10/12/06 — Wayne museum gets donated map that shows Gen. Sherman's march

View Archive

Wayne museum gets donated map that shows Gen. Sherman's march

By Bonnie Edwards
Published in News on October 12, 2006 1:56 PM

A Goldsboro native has donated a map used by the Union Army during the Civil War to the Wayne County Museum. The map shows the coordinates of Union General William T. Sherman's famous march through Georgia and the Carolinas -- a march that ended at Goldsboro.

J. Kim Abdallah, who now lives in Katy, Texas, came across the 1865 map on eBay. Accompanying the map was a handwritten letter from the Union Army's assistant inspector general, Lt. Col. William E. Strong, to the inspector general, Col. James A Hardie. Strong had bound the seven-page letter with a pink ribbon running through two slits in the top of the pages. The letter was a report of operations from Savannah to Goldsboro.

Abdallah placed the winning bid and got them both for $100. But he told museum officials in a letter he felt it belongs in Goldsboro, a key railroad junction that was Sherman's destination when he left Charleston, S.C., at the head of 60,000 men. Goldsboro eventually was occupied by Sherman's troops.

The map and letter arrived at the museum two weeks ago, museum director Janet Clayton told the Historical Association members during their meeting Tuesday.

Historical Association member Betty Ellis said she recalls Abdallah. He and her son were the same age, she said. His father owned a craft shop in Goldsboro.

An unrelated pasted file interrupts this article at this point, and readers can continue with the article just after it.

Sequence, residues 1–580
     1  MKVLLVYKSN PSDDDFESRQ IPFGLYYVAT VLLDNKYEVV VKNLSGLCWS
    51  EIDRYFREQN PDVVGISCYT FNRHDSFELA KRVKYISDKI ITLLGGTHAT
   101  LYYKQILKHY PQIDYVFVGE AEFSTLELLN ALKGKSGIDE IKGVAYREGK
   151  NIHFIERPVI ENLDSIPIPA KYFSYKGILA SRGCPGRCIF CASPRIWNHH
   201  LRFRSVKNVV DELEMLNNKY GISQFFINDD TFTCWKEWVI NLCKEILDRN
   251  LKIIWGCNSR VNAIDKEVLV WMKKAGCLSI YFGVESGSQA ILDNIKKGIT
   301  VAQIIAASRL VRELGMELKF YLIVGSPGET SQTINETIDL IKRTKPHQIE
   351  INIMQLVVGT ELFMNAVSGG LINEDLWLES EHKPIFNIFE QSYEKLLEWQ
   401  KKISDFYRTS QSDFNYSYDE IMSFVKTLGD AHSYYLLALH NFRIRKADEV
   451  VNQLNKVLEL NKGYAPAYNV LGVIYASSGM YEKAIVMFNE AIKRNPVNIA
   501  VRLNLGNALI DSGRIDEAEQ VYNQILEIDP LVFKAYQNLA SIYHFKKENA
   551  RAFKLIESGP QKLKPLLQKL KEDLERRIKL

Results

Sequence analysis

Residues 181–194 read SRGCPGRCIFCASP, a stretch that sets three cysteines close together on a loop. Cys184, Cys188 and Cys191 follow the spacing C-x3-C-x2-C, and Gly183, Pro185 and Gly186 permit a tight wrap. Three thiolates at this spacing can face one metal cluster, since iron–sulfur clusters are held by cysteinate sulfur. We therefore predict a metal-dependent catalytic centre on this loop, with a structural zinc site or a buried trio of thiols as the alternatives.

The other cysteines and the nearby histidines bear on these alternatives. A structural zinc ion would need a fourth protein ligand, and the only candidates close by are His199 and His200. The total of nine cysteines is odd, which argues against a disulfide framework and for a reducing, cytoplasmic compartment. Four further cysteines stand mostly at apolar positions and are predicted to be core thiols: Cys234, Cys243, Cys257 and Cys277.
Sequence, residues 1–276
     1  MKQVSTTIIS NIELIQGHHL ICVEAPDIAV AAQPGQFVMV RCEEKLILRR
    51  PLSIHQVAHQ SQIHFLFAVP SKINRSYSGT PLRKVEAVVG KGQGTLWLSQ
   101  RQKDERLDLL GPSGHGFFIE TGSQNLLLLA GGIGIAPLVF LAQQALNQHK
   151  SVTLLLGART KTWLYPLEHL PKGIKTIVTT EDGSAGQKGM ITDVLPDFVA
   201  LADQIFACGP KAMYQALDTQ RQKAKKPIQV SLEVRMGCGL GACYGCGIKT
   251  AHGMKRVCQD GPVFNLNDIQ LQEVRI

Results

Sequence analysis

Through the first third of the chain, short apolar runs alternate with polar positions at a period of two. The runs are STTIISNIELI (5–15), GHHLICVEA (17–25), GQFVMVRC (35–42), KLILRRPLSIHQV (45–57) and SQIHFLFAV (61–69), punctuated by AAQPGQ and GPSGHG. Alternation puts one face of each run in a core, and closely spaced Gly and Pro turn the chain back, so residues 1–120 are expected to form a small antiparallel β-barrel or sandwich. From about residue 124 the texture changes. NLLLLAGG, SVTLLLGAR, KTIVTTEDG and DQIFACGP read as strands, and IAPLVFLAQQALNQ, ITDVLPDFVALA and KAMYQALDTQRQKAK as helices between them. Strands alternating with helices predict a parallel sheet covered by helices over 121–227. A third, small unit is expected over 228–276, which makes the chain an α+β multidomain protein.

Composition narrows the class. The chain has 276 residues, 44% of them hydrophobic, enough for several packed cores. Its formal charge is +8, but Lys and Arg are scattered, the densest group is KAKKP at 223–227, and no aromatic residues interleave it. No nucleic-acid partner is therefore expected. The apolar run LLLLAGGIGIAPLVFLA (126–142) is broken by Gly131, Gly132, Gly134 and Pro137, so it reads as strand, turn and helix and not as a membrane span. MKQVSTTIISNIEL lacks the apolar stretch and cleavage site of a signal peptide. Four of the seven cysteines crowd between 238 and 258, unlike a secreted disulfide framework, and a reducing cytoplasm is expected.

Association president Preston Garris said the map will be placed in a display case at the museum at 116 N. William St. and open from noon until 5 p.m. Tuesdays through Saturdays.

But Garris suggested the association buy an upright safe for valuable documents, such as the map, when they are not on display. He estimated that an upright safe that could be bolted to the floor would cost about $1,000. Any thieves that might try to take the safe would have to take the building with it, he said.

Ellis suggested finding someone who might donate a safe to the museum.

Some exhibits might have to be permanent, Mrs. Ellis said, asking if the museum might have a cubicle somewhere for a permanent exhibit. Several physicians in Wayne County have given her artifacts they want exhibited in the museum, she said. But they're heavy pieces, she said, and you can't be moving them in and out all the time.

"I like the sound of that," Garris said before appointing Charles and Betty Ellis to chair a committee to look into creating the exhibit. "We do need to take advantage of every bit of space we have."